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Kentucky Senate Passes Medical Malpractice Bill

Kentucky Senate Passes Medical Malpractice Insurance BillThe Kentucky Senate recently passed a bill creating medical malpractice panels. A panel of medical experts would review allegations of medical malpractice against health care providers before they could be pursued. The vote followed a touchy debate on medical malpractice laws that have garnered strong opinions on both sides. The bill now proceeds to the House, where it is expected to some very adamant opposition.

Republican Senator Julie Denton, the lead sponsor of the bill, says it was devised to expedite the review process and reduce the number of frivolous lawsuits that are driving up the cost of medical malpractice insurance and forcing health care providers to leave the state.

“This bill is about ensuring that we have access to the best health-care providers possible in our commonwealth,” Denton said. “And we are going to lose them, or we are not going to be able to attract them, if we don’t address this issue.”

Medical malpractice bill faces opposition

Senator Ray Jones II, a Democrat from Pikeville, disagrees with Denton. He believes the addition of medical review panels into the medical malpractice process would hurt “the weakest, most vulnerable people in our society.”

“This is a huge impediment to average folks to access the courts,” he said.

Supporters of the bill disagree, saying it would not hinder patients’ access to the court system.

Bill aims to lower medical malpractice insurance rates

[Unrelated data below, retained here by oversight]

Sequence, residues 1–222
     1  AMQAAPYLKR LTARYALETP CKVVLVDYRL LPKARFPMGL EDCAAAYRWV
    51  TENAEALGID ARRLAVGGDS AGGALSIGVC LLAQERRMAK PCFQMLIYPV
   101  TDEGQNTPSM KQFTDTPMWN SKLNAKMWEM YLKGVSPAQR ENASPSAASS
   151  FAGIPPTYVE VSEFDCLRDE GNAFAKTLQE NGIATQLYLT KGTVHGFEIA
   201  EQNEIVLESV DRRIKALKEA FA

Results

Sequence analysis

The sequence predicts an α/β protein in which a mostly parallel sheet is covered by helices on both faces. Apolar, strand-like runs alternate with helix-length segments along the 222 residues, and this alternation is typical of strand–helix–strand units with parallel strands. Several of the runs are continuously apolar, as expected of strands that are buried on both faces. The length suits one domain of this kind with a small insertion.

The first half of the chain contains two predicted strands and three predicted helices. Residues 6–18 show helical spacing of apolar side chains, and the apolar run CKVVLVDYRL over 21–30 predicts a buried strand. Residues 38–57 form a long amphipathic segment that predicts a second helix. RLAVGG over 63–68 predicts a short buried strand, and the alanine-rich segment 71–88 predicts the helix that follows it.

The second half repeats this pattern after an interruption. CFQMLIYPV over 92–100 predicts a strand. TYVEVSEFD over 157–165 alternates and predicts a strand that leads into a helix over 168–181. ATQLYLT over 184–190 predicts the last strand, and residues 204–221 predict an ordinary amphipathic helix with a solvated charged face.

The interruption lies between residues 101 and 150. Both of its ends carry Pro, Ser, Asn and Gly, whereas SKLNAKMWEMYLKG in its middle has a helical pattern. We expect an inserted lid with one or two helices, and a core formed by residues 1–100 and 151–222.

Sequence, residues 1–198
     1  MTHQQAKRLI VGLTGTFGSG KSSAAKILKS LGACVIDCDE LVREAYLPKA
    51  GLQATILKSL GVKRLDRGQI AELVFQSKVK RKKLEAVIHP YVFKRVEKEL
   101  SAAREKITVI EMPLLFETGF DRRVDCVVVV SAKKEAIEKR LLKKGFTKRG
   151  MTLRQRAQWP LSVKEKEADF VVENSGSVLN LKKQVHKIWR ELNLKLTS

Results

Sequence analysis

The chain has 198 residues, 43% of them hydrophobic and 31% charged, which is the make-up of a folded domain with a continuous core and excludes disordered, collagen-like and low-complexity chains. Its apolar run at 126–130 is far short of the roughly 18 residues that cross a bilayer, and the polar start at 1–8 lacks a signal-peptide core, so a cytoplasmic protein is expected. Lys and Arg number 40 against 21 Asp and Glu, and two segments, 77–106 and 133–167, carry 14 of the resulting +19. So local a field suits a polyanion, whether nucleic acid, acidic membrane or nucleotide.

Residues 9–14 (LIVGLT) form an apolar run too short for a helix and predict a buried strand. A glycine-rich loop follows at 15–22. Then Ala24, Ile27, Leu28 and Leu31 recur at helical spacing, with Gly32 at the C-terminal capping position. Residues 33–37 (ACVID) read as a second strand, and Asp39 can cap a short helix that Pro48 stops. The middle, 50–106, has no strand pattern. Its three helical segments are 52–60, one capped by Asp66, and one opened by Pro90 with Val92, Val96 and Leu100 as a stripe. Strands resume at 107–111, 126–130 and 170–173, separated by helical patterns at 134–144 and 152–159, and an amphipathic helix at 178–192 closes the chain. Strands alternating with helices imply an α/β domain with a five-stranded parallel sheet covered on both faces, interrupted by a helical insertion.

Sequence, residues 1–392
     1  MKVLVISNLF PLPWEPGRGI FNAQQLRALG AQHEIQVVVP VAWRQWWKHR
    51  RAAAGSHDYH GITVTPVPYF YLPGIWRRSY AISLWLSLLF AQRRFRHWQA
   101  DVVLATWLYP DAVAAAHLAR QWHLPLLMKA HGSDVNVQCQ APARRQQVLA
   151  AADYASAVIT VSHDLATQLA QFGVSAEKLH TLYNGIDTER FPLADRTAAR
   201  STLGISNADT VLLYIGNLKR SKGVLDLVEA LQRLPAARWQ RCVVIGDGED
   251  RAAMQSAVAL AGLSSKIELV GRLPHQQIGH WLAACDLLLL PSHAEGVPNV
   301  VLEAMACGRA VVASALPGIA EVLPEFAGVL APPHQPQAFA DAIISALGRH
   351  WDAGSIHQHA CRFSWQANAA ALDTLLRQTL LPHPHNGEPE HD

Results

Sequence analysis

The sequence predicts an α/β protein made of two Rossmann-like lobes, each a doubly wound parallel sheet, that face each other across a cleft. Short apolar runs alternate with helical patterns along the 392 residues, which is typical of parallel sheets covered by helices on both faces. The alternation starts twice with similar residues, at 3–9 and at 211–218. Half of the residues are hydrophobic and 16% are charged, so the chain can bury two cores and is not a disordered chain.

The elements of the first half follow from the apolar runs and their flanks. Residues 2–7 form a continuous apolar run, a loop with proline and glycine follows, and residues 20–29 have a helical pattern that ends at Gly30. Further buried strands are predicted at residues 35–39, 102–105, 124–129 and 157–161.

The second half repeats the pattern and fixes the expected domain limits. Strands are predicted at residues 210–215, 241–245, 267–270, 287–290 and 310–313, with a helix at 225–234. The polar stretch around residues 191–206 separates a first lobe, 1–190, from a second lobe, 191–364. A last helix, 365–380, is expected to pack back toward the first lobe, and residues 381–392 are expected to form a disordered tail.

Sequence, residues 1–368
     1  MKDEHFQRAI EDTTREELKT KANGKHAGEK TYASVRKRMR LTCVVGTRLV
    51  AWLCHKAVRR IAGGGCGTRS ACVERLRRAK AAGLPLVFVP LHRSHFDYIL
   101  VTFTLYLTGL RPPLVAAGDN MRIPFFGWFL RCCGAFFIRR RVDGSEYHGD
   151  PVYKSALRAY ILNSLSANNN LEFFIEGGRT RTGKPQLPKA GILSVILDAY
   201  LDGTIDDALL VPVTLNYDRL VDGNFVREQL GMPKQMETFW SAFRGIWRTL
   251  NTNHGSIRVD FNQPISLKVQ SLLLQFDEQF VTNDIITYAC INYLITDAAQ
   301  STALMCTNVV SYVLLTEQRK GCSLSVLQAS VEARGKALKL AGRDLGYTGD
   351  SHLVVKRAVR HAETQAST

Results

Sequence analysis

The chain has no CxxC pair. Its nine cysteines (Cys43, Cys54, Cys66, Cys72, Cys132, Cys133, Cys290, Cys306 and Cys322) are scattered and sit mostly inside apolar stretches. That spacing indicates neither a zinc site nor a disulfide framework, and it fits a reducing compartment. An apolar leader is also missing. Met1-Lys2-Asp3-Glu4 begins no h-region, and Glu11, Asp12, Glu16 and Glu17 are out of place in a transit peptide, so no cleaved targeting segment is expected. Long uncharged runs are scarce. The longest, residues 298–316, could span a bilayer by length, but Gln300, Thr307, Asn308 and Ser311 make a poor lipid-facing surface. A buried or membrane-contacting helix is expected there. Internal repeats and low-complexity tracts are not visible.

The bill promotes the establishment of panels three-member expert panels, who will review medical malpractice evidence before plaintiffs can have their case heard in a court of law. The prosecution and the defense would each select one member, and those two experts would choose the third panelist.

While the three panelists would review the cases to provide their opinions on whether the medical professional violated the standards of care, they would not have the authority to draw conclusions of law.

“How is it fair for a panel to render an opinion, but not tell any of the parties the basis for the opinion?” Jones asked. “That can’t be fair. That’s fundamentally unconstitutional.”

The Senate passed the bill after more than an hour of debate on a 23-13 party-line vote, just hours after Denton led a Senate panel to revise it. One of the updates included a change to make the panel’s finding inadmissible in court if substantial new evidence emerged later on.

To further validate his point during the debate, Jones showcased graphic photographs of what he claimed were the consequences of medical malpractice. He proposed a number of amendments to the bill, but the changes were declared out of order.

Other influential groups in the state have expressed their opinion on the issue. The bill is supported by numerous health care providers and business organizations in Kentucky, including the Kentucky Chamber of Commerce. Conversely, the AARP has spoken out in opposition of it.

This bill has passed Denton’s Health and Welfare Committee once before, but was sent back after Jones filed a number of amendments to change it. The bill has died once before in the Democratic-majority House.